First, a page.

Patrick: 'Breakdown In Oversight' At Mass. Lab

Gov. Deval Patrick said Monday there would be criminal and civil consequences for what he called an apparent "breakdown in oversight" at a now-closed state police crime lab.

The governor ordered the Hinton State Laboratory Institute in Boston shut down last month after authorities discovered that a chemist had not followed proper protocols in the testing of drug samples, a finding that could result in legal challenges from people convicted of or awaiting trial on drug charges.

The chemist resigned in March during an internal investigation and two supervisors have been suspended. The state attorney general has launched a criminal investigation and Patrick said Monday that an internal review is also ongoing.

"There are going to be consequences," he said. "There are going to consequences on the civil side, on the criminal side."

The governor, who returned to the State House on Monday after spending most of last week at the Democratic National Convention in Charlotte, N.C., added that he was limited in what he could say because the probes were still under way.

"Somewhere in this process there was a breakdown in oversight and that needs to be dealt with," he said.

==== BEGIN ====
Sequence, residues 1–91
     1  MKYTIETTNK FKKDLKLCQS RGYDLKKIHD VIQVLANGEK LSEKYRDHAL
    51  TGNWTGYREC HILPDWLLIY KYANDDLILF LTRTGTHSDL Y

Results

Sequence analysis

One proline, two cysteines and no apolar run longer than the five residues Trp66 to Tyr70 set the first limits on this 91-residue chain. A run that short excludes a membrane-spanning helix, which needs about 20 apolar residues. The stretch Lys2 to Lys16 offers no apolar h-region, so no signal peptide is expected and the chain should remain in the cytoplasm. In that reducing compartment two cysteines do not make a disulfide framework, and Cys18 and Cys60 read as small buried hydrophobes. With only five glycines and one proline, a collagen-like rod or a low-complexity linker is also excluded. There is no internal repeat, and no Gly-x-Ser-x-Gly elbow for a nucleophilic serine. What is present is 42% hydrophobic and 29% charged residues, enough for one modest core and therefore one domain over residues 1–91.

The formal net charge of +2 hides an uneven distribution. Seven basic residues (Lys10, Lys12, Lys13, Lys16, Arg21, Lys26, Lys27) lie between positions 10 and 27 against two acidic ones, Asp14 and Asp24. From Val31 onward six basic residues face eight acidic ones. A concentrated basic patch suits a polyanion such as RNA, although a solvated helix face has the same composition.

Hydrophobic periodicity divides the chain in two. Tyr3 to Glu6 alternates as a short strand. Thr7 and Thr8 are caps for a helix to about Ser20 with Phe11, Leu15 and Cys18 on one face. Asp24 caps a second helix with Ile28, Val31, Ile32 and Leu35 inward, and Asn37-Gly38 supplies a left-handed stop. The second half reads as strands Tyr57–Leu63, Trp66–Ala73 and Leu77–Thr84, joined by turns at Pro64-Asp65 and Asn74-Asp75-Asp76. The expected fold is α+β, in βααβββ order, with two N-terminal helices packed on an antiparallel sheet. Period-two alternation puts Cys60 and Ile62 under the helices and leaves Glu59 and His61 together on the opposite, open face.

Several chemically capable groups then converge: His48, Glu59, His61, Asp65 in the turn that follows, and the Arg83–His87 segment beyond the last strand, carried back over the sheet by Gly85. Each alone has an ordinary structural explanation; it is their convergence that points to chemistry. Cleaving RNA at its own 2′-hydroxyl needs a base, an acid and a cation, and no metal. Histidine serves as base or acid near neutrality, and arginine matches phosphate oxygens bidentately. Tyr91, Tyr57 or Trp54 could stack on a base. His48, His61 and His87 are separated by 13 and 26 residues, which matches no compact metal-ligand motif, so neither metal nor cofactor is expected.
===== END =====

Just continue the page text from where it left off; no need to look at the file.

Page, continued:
While state officials have not identified the chemist, a letter sent by a prosecutor to a public defender in Norfolk County identified her as Annie Dookhan. She has not commented publicly, but her husband has said she's being scapegoated.

Dookhan is believed to have handled more than 50,000 drug samples during her nine years at the lab. State police have said the samples involved about 34,000 criminal defendants.

David Procopio, a state police spokesman, has said the chemist's actions went beyond sloppiness into possibly deliberate malfeasance.

Patrick said his administration was still working to understand the full scope of the problem, how many drug cases were potentially impacted and to "get a handle on exactly which individuals have been affected and to do right by them."

The lab was operated by the state Department of Public Health until July 1, when it was transferred to state police under a budget directive. Patrick said Monday that state police raised concerns about the drug tests after applying their own protocols to the lab and brought those concerns to him, prompting his decision to close the lab and distribute its functions among other state police facilities.

This article was originally published on September 10, 2012.

This program aired on September 10, 2012. The audio for this program is not available.


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